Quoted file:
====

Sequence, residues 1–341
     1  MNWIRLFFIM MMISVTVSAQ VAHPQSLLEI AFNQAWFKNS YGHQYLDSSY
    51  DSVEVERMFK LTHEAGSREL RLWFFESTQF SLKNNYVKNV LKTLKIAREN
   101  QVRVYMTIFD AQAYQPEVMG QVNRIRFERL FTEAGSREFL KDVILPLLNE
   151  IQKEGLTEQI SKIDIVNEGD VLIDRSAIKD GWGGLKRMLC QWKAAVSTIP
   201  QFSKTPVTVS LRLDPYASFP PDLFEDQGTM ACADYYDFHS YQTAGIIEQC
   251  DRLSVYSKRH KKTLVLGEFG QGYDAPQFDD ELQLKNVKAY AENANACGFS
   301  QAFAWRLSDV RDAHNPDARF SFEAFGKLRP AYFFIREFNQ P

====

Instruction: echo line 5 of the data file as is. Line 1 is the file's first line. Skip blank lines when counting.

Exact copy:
   151  IQKEGLTEQI SKIDIVNEGD VLIDRSAIKD GWGGLKRMLC QWKAAVSTIP